Brexit Vote Protest, London, 19 October, 2019
If, as Harold Wilson quipped, a week in politics is a long time, then three months would constitute an eternity. This summer, after Theresa May’s long-anticipated resignation, Boris Johnson, the leader of the official Leave campaign during the 2016 referendum, won the leadership of the Conservative Party (with a membership of around 160,000 Britons) in a landslide that earned him the keys to No. 10 Downing Street. While Mr. Johnson famously promised to “do or die” in his efforts to pull Britain out of the EU by October 31st, the country now finds itself facing its third general election in five years.
Even if one ignores the reality that the UK’s Brexit policy and the question of who governs the country are entirely separate issues, the pitfalls of using a general election to resolve Brexit may seem obvious. The 2017 general elections were ostensibly called for the same purpose, only for the campaigns to consign the issue to the back burner even though over a third of voters surveyed by the BBC considered it the single most important issue facing the country. Additionally, the United Kingdom’s first-past-the-post system may well fail to accurately reflect “the will of the people”; Boris Johnson’s eagerness for a general election reflects his hardline pro-Brexit stance, which has effectively marginalized Nigel Farage’s Brexit Party. However, Labour leader Jeremy Corbyn’s support has been more befuddling — the Financial Times’ opinion poll tracker has the Conservatives (at 35%) leading Labour by a whopping ten percentage points, with the unambiguously anti-Brexit Liberal Democrats hot on the latter’s heels. Meanwhile, the Brexit Party languishes at only 10% of the electorate.
In a political climate singularly dominated by Brexit, Corbyn’s pursuit of the excluded middle in the Brexit debate may cripple his party’s fortunes. As Tony Blair pointed out, Corbyn’s “Labour Brexit”, which entails remaining in the EU customs union and single market, ties Britain economically to the bloc while removing its capability to affect any of its decisions, and would simultaneously outrage the No Deal and anti-Brexit camps. At last month’s party conference, Corbyn acolytes resisted the call of senior anti-Brexit leaders, including the Shadow Chancellor of the Exchequer, the Deputy Leader of the Labour Party, and the Shadow Foreign Secretary, to adopt a clear pro-Remain stance. Instead, the dominant far-left wing of the Party, historically as suspicious of the EU as their counterparts on the right-wing, has elected to defer their stance on Brexit until Corbyn negotiates his own Labour Brexit deal with Brussels. Corbyn has instead declared “the most radical campaign for real change our country has ever seen”, which surely could not refer to his carefully calibrated attitude to Brexit —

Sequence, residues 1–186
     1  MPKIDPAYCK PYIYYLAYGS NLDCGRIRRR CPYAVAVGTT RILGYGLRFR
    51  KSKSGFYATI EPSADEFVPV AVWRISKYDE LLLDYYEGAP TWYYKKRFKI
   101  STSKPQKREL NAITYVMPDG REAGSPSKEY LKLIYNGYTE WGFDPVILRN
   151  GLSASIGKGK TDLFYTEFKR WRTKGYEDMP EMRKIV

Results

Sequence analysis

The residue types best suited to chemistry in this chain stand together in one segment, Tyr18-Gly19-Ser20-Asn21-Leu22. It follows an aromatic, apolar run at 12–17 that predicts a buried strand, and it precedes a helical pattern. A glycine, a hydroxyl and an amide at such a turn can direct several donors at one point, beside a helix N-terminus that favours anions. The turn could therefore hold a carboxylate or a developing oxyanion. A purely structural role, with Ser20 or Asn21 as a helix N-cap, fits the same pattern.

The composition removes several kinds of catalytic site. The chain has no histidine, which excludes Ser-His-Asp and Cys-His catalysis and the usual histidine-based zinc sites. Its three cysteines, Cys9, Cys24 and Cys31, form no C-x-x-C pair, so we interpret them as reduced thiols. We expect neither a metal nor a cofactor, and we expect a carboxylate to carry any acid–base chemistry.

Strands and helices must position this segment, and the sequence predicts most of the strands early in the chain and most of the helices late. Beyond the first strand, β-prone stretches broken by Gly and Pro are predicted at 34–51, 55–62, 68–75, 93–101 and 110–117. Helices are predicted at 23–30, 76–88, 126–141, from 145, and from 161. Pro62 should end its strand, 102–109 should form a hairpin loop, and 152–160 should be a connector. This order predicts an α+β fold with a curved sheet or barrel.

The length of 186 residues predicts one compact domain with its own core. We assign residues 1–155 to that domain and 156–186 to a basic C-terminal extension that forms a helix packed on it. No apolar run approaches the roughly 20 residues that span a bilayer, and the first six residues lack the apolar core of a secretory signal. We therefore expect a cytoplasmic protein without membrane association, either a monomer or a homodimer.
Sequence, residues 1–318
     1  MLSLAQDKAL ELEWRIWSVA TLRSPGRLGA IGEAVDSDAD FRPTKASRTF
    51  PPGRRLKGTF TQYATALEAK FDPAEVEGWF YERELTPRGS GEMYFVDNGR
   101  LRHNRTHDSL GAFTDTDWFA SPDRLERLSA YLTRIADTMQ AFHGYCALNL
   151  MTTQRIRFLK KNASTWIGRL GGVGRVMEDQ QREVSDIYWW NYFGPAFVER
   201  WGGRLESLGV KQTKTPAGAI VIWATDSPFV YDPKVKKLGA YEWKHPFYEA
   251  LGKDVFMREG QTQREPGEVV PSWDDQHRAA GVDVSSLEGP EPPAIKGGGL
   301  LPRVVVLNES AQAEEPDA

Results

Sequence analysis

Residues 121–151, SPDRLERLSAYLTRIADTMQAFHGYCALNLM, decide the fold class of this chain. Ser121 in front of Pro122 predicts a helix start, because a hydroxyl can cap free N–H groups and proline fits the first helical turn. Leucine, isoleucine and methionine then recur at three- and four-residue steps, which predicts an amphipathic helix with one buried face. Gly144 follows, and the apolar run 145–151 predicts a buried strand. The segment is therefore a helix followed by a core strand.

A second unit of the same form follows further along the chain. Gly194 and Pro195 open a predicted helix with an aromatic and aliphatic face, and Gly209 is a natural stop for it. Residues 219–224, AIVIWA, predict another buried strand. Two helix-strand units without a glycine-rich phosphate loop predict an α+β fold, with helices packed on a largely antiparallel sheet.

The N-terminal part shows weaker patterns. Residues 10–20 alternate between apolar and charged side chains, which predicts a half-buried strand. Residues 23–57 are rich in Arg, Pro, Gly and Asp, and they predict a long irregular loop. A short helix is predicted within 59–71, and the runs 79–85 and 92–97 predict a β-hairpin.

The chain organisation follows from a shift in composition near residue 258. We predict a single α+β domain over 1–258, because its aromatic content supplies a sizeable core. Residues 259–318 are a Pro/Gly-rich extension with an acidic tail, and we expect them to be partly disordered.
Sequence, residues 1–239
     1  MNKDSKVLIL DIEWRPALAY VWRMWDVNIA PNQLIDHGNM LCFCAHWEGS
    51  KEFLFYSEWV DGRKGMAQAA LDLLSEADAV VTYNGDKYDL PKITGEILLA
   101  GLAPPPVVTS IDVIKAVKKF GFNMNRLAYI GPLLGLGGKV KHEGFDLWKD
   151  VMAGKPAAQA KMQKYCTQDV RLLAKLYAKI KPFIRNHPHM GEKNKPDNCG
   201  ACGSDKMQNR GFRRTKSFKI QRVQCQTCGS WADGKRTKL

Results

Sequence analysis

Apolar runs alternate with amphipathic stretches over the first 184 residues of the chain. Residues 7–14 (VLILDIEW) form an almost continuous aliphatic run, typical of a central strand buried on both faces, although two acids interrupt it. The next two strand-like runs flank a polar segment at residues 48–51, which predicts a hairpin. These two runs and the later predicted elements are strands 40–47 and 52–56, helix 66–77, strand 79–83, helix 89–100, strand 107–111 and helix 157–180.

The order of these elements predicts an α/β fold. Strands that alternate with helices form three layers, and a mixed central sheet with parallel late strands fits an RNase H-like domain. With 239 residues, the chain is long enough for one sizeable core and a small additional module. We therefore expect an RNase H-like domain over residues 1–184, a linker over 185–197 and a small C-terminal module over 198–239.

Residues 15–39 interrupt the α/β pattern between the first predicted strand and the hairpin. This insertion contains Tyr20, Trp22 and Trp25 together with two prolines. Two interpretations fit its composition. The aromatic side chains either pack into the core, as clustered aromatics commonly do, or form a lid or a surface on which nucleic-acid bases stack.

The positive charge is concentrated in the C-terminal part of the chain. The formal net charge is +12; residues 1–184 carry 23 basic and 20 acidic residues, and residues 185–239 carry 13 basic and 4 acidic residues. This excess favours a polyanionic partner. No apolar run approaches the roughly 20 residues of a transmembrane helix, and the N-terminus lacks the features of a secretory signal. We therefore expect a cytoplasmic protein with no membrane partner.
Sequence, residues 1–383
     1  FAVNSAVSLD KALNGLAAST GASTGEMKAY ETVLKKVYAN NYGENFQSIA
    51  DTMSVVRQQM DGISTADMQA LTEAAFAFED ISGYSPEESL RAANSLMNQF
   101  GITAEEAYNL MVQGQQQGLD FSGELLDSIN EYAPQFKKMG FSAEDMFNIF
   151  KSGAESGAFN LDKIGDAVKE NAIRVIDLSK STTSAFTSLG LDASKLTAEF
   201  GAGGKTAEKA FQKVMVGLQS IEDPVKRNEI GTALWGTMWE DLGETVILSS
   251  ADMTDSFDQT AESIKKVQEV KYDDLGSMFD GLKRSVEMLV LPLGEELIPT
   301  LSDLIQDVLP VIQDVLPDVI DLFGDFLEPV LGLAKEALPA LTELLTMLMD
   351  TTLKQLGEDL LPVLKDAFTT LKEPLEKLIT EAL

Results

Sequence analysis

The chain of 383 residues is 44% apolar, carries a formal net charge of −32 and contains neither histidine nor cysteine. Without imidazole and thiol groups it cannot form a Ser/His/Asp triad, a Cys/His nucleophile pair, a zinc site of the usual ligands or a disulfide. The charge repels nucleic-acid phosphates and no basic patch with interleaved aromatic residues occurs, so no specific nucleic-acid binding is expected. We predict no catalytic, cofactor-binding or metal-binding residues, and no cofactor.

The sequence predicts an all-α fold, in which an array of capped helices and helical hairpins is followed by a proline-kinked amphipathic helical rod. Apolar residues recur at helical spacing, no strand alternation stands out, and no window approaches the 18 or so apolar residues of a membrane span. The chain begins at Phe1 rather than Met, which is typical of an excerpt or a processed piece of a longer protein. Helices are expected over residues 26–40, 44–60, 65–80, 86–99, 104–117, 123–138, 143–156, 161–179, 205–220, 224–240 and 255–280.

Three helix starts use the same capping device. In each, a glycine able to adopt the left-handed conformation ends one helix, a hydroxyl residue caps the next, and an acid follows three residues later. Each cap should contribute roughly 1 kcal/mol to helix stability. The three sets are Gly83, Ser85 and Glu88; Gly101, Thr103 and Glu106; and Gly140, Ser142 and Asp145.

Another piece of evidence that Corbyn seeks to avoid putting the Brexit issue front-and-center this campaign. Considering his refusal to countenance a referendum until Labour has had the chance to negotiate its Brexit bill, one cannot help but conclude that, like his Conservative rivals, Corbyn has nakedly put party (more accurately, the allure of office) over country.
Interestingly, the June YouGov poll mentioned above revealed a fascinating tidbit — while sizeable majorities of Conservative Party members would prefer Brexit be carried out even at the cost of “significant damage to the UK economy”, “the Conservative Party being destroyed”, or even the breakup of the United Kingdom, they would still fear a Corbyn premiership more than an aborted Brexit. Thus, Johnson’s eagerness to pair Brexit with the specter of Corbyn in No. 10 should be recognized for the obvious trap that it is. In the face of a 21st-century populist challenge, Labour appears destined to repeat the mistakes of generations of 20th-century far-Left British politicians. In the face of a divided Left and Center, one can only conclude that Johnson, despite all the setbacks of the past few months, remains in pole position come December 12th, despite his failure to do or die. A successful anti-Brexit campaign would either require an unlikely level of cooperation between Labour and the other center and left-wing parties (including the Liberal Democrats, the Scottish National Party, and the Greens) or Labour’s vote share implausibly collapsing, with the void filled by these unambiguously anti-Brexit parties.